Ethernet: SPAN, RSPAN, and ERSPAN

Cisco switches have a feature that allows all traffic from one port to be mirrored and directed to another port.  This feature is called SPAN (Switch Port Analyzer).

There are many reasons for wanting to SPAN traffic from one port to another, it could be for compliance reasons, data collection purposes, or supporting a particular monitoring application.  It can also be used to troubleshoot VoIP or networking issues to verify what data is actually being passed through a port.

SPAN sessions can be sourced from a port or a VLAN, the session then directs the traffic to a destination port or VLAN.  When the destination port is local to the same switch that the SPAN is sourcing from, is referred to as simply a SPAN session.

Sessions that direct traffic to a remote port via a VLAN is referred to as an RSPAN (Remote SPAN) session.  In RSPAN a specific VLAN is configured across the network to carry the mirrored source traffic from the source port to the remote port off a different switch.

The VLAN that’s created for the RSPAN is referred to as the RSPAN VLAN.


Encapsulated Remote Source Port Analyzer (ERSPAN) actually does what it says and encapsulates the source traffic in a GRE header and tunnels the SPAN traffic to a remote layer 3 endpoint through a GRE tunnel.  This is primarily used to send traffic to a remote SPAN port across a layer 3 domain.

A SPAN source port can be any kind of port, on a SPAN VLAN all ports on a VLAN are monitored.  As you add or remove ports on that VLAN ports are dynamically added or removed from the SPAN session.  The destination port that traffic is being directed to cannot be part of the VLAN being monitored.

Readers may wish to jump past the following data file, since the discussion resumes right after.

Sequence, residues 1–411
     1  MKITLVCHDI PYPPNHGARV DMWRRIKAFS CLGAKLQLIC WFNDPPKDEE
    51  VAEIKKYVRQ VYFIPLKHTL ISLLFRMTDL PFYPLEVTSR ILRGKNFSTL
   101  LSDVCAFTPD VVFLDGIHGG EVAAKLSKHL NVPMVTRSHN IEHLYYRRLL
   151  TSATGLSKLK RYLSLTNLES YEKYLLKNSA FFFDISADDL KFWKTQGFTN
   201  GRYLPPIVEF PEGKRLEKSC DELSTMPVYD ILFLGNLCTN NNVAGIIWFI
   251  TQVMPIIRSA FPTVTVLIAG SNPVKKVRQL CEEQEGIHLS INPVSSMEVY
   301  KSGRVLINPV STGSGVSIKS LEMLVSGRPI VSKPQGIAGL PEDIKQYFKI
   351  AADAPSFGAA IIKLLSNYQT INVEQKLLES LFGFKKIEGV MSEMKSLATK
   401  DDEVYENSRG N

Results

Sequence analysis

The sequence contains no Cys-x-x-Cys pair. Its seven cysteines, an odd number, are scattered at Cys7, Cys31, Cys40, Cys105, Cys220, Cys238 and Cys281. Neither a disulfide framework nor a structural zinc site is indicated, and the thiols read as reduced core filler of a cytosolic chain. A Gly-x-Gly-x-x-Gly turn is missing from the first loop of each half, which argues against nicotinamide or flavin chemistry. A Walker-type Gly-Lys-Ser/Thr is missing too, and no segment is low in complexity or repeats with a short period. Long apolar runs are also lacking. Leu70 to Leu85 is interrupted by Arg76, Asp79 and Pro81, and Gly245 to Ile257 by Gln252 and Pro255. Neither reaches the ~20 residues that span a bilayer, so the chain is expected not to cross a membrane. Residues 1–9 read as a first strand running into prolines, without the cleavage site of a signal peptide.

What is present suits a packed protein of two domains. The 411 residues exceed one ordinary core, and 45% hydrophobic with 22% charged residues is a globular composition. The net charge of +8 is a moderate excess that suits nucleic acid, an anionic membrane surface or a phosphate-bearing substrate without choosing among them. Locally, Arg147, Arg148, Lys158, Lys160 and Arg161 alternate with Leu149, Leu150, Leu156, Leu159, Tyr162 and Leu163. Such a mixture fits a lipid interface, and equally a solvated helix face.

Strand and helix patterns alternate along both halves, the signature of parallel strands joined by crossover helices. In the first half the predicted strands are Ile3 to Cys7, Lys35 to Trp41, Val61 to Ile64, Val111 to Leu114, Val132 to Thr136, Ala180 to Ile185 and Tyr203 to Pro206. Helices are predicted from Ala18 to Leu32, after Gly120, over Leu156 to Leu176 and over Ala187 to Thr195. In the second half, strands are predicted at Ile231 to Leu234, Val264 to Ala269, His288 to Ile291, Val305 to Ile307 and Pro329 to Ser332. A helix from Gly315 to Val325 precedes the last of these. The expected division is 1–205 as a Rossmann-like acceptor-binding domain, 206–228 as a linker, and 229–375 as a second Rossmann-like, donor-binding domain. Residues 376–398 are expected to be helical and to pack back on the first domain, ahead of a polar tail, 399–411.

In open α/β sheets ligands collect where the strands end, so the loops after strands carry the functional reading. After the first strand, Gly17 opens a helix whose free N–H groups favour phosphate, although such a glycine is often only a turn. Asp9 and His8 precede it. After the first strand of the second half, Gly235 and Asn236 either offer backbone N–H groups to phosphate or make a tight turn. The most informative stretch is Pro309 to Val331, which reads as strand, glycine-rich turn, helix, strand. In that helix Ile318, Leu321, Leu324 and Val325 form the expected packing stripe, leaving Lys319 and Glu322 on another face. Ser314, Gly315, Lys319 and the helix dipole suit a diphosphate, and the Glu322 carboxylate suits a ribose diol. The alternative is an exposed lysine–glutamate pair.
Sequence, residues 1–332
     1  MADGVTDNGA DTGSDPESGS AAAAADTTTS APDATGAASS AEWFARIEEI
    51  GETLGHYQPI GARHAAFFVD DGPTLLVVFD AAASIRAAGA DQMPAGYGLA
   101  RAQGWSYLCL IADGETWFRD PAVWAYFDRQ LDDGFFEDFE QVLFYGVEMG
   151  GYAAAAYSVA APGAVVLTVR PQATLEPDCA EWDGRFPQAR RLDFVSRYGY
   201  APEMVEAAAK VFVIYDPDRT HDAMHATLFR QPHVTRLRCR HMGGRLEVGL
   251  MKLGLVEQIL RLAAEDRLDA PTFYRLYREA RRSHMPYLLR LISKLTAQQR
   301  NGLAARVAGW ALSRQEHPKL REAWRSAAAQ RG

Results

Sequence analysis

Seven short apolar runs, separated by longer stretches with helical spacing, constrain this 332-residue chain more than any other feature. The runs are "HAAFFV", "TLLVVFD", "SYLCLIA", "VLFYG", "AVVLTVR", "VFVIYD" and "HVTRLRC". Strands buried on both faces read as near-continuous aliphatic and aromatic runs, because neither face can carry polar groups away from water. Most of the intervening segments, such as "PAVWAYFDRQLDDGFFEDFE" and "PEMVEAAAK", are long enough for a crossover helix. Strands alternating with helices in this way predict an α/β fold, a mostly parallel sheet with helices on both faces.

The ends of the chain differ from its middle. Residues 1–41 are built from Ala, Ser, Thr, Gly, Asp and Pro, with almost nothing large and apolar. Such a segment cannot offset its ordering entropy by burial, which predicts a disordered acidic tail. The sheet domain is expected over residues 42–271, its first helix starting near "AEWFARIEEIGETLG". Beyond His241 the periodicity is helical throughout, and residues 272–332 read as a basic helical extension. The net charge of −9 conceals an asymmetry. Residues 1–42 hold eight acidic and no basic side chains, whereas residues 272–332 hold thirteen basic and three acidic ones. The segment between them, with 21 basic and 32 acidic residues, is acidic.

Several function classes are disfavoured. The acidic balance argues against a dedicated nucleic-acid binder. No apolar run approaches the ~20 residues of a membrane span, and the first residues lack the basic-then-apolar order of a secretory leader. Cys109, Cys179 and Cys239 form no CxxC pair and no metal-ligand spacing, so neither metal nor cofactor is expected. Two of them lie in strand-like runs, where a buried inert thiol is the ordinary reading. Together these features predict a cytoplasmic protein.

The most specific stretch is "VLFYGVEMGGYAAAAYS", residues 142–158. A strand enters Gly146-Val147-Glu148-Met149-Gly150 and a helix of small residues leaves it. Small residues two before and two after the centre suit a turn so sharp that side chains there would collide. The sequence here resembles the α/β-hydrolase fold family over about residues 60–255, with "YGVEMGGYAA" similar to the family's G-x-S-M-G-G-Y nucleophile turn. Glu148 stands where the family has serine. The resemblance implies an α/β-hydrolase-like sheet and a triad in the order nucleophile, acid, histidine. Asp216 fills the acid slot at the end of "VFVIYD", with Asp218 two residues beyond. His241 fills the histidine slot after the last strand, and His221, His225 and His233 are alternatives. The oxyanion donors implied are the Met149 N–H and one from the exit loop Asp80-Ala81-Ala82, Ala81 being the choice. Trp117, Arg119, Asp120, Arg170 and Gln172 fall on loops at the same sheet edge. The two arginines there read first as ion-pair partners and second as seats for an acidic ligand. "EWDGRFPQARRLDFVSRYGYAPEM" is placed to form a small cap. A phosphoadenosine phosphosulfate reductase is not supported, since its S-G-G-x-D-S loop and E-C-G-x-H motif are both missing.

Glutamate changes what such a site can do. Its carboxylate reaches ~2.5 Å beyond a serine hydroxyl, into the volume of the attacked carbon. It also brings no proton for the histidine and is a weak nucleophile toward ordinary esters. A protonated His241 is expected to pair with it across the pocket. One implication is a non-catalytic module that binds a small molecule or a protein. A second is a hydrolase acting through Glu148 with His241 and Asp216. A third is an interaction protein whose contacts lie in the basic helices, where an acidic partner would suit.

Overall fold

Other key restrictions include the following:

  • When a port is configured to be a destination port its original configuration is overriden…once the SPAN is removed the original configuration is restored on the port.
  • When a destination port configured is part of an etherchannel bundle, it is removed from the bundle while the SPAN is active.
  • Destination ports do not support port security, 802.1x authentication, or private VLANs.
  • Destination ports do not support any layer 2 protocols including CDP, SPT, VTP, DTP, and so on.
  • The source port can be one or more ports or a VLAN, but not a mix of these.
  • up to 64 SPAN destination ports can be configured on a switch.
  • Be careful to avoid overloading the destination port, for example if you’re monitoring a VLAN with multiple ports in it, and sending all that traffic to a single destination port, could cause problems with congestion at the destination port.
  • A SPAN destination port cannot also be a source port or vice versa
  • Only one SPAN session can be sent to any particular destination ports, you cannot send multiple SPAN sessions to the same destination port.
  • When a trunk is set as the source of a SPAN all VLANs are monitored in the session on the trunk.  You can use the filter vlan command to prune the VLANs you’re uninterested in.
  • Any traffic routed to a souce VLAN that’s being monitored from another VLAN will not be monitored.  Only ports participating in the SPAN VLAN will mirror their traffic to the destination port.

SPAN sessions can support three types of traffic: transmitted, received, or both.

  • For receive SPANs, all traffic received on the source port is transmitted to the destination port, no traffic transmitted on the port outbound is mirrored to the destination.
  • For transmit SPANs, all traffic transmitted out the source port is mirrored to the destination port, no traffic received on that port is sent to the destination port in the SPAN.
  • SPAN sessions will usually ignore layer 2 frames such as CDP, BPDUs, or VTP however you can include these frames in a SPAN by configuring the encapsulation replicate command.




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